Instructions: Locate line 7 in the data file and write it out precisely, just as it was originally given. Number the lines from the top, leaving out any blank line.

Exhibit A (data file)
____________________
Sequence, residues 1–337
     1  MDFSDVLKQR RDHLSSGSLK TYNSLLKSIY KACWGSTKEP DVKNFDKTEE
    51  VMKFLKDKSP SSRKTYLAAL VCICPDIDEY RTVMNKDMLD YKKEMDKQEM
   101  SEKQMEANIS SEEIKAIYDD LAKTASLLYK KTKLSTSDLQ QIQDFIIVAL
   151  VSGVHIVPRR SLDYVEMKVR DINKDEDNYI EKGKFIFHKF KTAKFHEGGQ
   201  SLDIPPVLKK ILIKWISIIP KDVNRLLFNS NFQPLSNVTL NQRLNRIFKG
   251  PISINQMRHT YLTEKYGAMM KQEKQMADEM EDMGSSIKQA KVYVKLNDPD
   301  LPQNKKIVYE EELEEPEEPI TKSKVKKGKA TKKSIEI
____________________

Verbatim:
   251  PISINQMRHT YLTEKYGAMM KQEKQMADEM EDMGSSIKQA KVYVKLNDPD